A 500-megawatt solar power generating facility operating on about 2 million solar panels and erected on land stretching 10 square miles, covering over 6,000 acres—about half the size of Manhattan—is being proposed in Spotsylvania, Virginia. If constructed, it will be the largest solar project east of the Rocky Mountains and one of the largest in the world. The Virginia State Corporation Commission has given conditional approval for the facility, which will have 1.8 million solar panels. The builder, Sustainable Power Group, plans to have the first phase of the solar-generating plant operating by next June. But the proposal must meet several requirements beforehand, one of which is to obtain a special use permit from the county.
The Spotsylvania Board of Supervisors has the final say and can require the company to meet certain stipulations, such as lessening the environmental impact. Because the solar plant requires large amounts of water to clean the panels, concerned citizens worry that the aquifer that supplies water to homes and farms could be damaged or depleted. Run-off into wetlands and nearby streams is another concern. Also of concern is that the solar panels will contain approximately 100,000 pounds of either cadmium—a carcinogenic substance that can lead to health issues—or cadmium telluride, which the builder claims is insoluble and possesses different chemical elements than the carcinogen cadmium. The worry is that chemicals could leach into the soil if the panels break.
The project has a projected lifetime of 35 years, which is about half of the time that a typical fossil fuel or nuclear plant could operate. Because solar is an intermittent technology, which only provides power when the sun is shining, it will need back-up power, typically from gas-fired generators, to provide electricity around the clock. It also has an estimated $31 million decommissioning cost, but recycling could reduce some of that cost.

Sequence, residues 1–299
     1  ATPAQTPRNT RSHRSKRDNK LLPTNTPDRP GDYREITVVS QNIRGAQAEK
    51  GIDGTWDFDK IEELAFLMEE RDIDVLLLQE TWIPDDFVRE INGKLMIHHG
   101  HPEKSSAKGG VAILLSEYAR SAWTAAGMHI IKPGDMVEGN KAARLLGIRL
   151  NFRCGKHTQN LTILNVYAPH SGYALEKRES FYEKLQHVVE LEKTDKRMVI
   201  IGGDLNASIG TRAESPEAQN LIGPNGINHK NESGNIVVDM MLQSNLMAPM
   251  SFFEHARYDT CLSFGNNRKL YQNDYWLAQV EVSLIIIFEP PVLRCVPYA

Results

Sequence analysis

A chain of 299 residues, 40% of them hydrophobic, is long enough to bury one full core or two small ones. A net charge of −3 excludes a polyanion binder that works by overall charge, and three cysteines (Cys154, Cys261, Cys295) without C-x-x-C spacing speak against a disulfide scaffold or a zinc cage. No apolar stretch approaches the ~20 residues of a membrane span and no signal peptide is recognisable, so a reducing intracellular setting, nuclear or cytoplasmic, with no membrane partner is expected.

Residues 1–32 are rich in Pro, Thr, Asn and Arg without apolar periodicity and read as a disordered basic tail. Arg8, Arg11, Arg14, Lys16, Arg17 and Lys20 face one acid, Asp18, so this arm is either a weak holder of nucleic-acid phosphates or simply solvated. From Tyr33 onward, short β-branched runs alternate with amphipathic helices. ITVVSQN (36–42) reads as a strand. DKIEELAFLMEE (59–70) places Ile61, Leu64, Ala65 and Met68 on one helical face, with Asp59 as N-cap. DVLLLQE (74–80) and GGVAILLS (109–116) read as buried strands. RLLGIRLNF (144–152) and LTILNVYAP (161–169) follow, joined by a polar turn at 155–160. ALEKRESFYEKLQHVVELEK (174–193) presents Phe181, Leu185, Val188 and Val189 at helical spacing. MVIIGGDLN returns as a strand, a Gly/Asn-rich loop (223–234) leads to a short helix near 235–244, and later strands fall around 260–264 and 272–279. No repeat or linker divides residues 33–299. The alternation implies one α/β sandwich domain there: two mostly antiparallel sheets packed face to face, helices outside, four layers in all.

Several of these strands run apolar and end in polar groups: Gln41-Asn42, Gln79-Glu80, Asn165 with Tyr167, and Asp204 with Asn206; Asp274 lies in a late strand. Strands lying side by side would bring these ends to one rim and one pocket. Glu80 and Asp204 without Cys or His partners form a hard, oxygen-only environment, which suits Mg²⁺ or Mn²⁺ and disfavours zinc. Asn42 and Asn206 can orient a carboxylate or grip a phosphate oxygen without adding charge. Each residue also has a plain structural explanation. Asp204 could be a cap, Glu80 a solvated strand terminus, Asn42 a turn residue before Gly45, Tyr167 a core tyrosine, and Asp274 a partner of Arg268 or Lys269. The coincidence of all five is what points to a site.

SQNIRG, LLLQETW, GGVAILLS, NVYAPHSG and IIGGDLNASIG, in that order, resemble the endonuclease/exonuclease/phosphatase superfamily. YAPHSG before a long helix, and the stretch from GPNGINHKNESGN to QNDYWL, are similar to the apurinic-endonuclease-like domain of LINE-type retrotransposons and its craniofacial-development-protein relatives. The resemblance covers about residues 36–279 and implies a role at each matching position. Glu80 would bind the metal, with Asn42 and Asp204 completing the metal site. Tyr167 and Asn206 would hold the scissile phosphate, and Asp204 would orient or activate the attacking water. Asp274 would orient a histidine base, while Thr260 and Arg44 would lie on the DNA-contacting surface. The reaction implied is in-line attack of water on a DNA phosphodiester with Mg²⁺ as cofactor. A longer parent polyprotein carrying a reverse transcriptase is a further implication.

The 500-megawatt solar facility would be built in four phases, with the panels taking up about 3,500 acres on the 6,000-plus-acre site owned by the builder. The size of the four components is as follows:
- Pleinmont Solar 1 – 75 megawatts
- Pleinmont Solar II – 240 megawatts
- Highlander Solar Energy Station 1 – 165 megawatts
- Richmond Spider Solar – 20 megawatts
The company plans to use existing and replanted trees, berms, and other buffers to keep the facility out of sight of neighboring properties. The panels are to be built to withstand 130 mile-per-hour winds. When completed, the solar plant will have 10 to 15 full-time employees.
Virginia’s largest solar farm to date is 100 megawatts, so if this farm is built, it will be five times larger. Other large solar projects of this size in the United States are built in un-populated desert areas in the Southwest, far away from residential areas. This facility would be near some 7,000 residents.
Microsoft plans to purchase 315 megawatts, with the rest available for other entities via the PJM interconnection. More recent agreements are with the University of Richmond and a group that includes Apple. According to Microsoft, it would be the largest corporate purchase of solar power in the United States. Amazon, Microsoft, Google and Facebook—some of the nation’s biggest technology companies—are driving the growth of renewable power. These technology companies are moving into Virginia and want renewable energy to power their facilities.
In giving its conditional approval, the commissioners stated that the company bears the risk and must abide by regulations, which include paying for system upgrades to avoid potential impacts to rate-payers and adhering to environmental oversight.
But other citizens’ concerns are the solar farm’s effect on taxpayers through increased electricity rates, potential bankruptcies of the limited liability corporations established to build and operate it once the current federal and state subsidies expire, potential loss in property values to homeowners and the cost to clean up the site. Because there is no fuel cost associated with solar power, some people believe that it is cost-free, but that is not the case since rate-payers must pay for the cost of the solar panels, inverters, and associated necessary industrial facilities and their installation and on-going maintenance.
The 30-percent federal investment tax credit for commercial solar facilities is being phased down after 2019 to a permanent 10-percent tax credit in 2022 so there is a big incentive for the builder to start construction in 2019. According to the Energy Information Administration, a 500-megawatt solar photovoltaic plant could cost around $1 billion, and the investment tax credit would provide a $300 million taxpayer subsidy to the owner if construction is started before the subsidies are phased down.
Virginia’s new energy law that took effect July 1 stipulates that adding 5,000 megawatts of wind and solar to the state’s generation portfolio by 2028 is in the public interest.
Virginia may be the first state east of the Rocky Mountains to build a massive solar power plant. While concerned citizens are fighting the proposed plant due to potential environmental and cost issues, large technology firms are indicating their interest in purchasing the power. Microsoft has already agreed to purchase over 300 megawatts.
The land mass of the proposed 500-megawatt plant is humongous